I hope everyone enjoys a gear-filled steampunk Halloween party this weekend.
If you’re lucky, maybe you received one of these Steampunk Halloween party invitations. MeredithDCarey sells these on Etsy for $16.99.
Are you having a Steampunk themed Halloween party this year? Look no further. These great Steampunk party invitations are just the thing you need to get people in the spirit. This pack of 12 invitations are 2-sided. The front side has a teal gray background full of gears embossed in black. The overlay is embellished with metal brads and has the phrase “Happy Halloween” bleeding down the front, along with two bats to emphasize the season.
A fun idea, and perfect for the season. Happy Halloween!
Looking for a steampunk Halloween goodness? Check out these steampunk pumpkins made by Deviant Artist Yamiguru. He takes a standard plastic pumpkin trick-or-treat bucket and gives them the special steampunk treatment. Very cool!
Here is an affordable way to turn your Halloween Trick-or-Treat plastic pumpkin bucket into a Steampunk Pumpkin. All you need is a few things lying around your own home and a bit of imagination. You don’t have to use the same things I used, you are more than welcome to experiment. Hopefully this tutorial will inspire you to create your very own design.
1. Spray paint the outside of the plastic pumpkin bucket with the flat black spray paint. Let the paint completely dry. Important: Please use spray paint in a well ventilated area (outside is best). Tip: If you don’t like paint on your hands, I recommend wearing rubber gloves or Goo Gone. Goo Gone is how I get stubborn paint off my hands. Read the Full Tuturial
Multi-talented artist/media pro B. Campbell just finished his Steampunk Darth Vader helmet. Very cool! It has a copper base and appears corroded, like an old artifact found drifting in the ocean.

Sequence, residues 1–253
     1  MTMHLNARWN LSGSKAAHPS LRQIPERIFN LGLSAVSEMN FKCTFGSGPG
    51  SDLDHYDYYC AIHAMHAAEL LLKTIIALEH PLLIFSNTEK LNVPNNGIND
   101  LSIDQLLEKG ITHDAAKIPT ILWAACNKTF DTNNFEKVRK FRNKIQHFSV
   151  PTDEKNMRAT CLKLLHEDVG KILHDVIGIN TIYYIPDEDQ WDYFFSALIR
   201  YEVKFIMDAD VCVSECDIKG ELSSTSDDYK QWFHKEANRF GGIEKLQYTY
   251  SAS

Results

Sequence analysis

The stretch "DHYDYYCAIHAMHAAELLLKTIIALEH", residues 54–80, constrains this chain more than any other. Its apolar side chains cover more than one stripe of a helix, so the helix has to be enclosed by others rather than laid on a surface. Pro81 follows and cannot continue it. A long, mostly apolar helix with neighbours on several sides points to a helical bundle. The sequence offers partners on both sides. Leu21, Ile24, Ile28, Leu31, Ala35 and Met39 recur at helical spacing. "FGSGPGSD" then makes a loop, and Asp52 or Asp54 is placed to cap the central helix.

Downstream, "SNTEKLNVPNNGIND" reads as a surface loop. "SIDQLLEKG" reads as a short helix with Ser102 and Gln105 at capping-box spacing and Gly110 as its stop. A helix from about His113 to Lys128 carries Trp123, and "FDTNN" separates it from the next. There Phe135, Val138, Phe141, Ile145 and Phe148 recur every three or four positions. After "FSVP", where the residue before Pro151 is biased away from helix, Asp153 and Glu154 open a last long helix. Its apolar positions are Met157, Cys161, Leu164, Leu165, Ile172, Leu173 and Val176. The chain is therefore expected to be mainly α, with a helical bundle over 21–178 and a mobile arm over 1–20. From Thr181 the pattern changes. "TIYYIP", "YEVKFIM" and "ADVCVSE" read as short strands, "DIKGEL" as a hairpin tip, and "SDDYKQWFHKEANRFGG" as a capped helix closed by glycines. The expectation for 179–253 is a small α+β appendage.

I began by preparing the glossy black plastic for painting by lightly scuffing the surface with sand paper and steel wool. Then, I sculpted the individual “copper plates” using using a Dremel tool. Pilot holes were drilled to accept the rivets, which are actually furniture tacks.
After I applied a base coat of copper, I selectively sprayed flat black and wiped away the high spots. I cut out the molded plastic mesh and replaced it with aluminum mesh. The eye lenses were removed and replaced with copper wire cages inspired by those found on the portals of antique diving helmets. Finally, I brushed on light green acrylic paint to provide the corrosion detail.
DeviantArtist Kairnth models his very cool Steampunk Military Airship Captain uniform, which he put together for an upcoming Convention and Halloween. Very fancy! There’s not a lot of info about whether he made this costume, or commissioned it — but it’s very cool regardless.
Kairnth’s gallery also includes a previous costume from last year: A Steampunk Engineer. Ooh, I like that one, too.
He gets bonus points for including his dog in the photo. Very well done, Sir!
Update: Kairnth has thoughtfully sent me an email, to help answer my questions. Very nice, thank you, Sir!
“I designed, gathered materials and worked on the accessories for both outfits (Like the boot, cane, goggles etc) and then the sewing is done by my production team (sister and mom, lol). Both outfits are mostly made from scratch, though the pants are store bought and then modified.”
Take a look at this amazing steampunk birdman on stilts! This performance artist was recently spotted walking the streets in Tokyo. What an amazing costume!
The blogger who is reporting this also managed to shoot some video, which I’ve embedded below. Truly remarkable! Follow the links to view more photos and a complete write-up.
I had heard about a strange, steampunkish birdman walking performance art act a few months ago but hadn’t been able to catch a performance until today, in Shinjuku. I was walking up the stairs from the JR Head Office building and basically found myself being charged by this exotic and amazing beast half man, half bird, leather, brass, steam and metal.
UK artist Tom Hardwidge makes original steampunk insects out of old bullets and clockwork pieces. It’s truly remarkable art, I’m so impressed!
You can find purchasing info and pricing on his Contact Page. Pricing ranges from $80-$240.
You can choose from bees, wasps, beetles, grasshoppers, crickets, dragonflies, praying mantises, butterflies and tarantulas!
Each Arthrobot starts its life as a series of sketches, some take their inspiration from nature, others from bits and pieces of metal and beads which form an unusual structure or fit together in an interesting way. After they have been planned out (very roughly) they start to take shape in Tom’s dining room where he has all of his tools and materials laid out to prevent any actual dining from taking place.
Arthrobots are NOT toys. They may have sharp, pointy bits and are not suitable for young children. Although some parts (wings and legs) are movable on some sculptures, they are fragile and are only intended for ornamental purposes.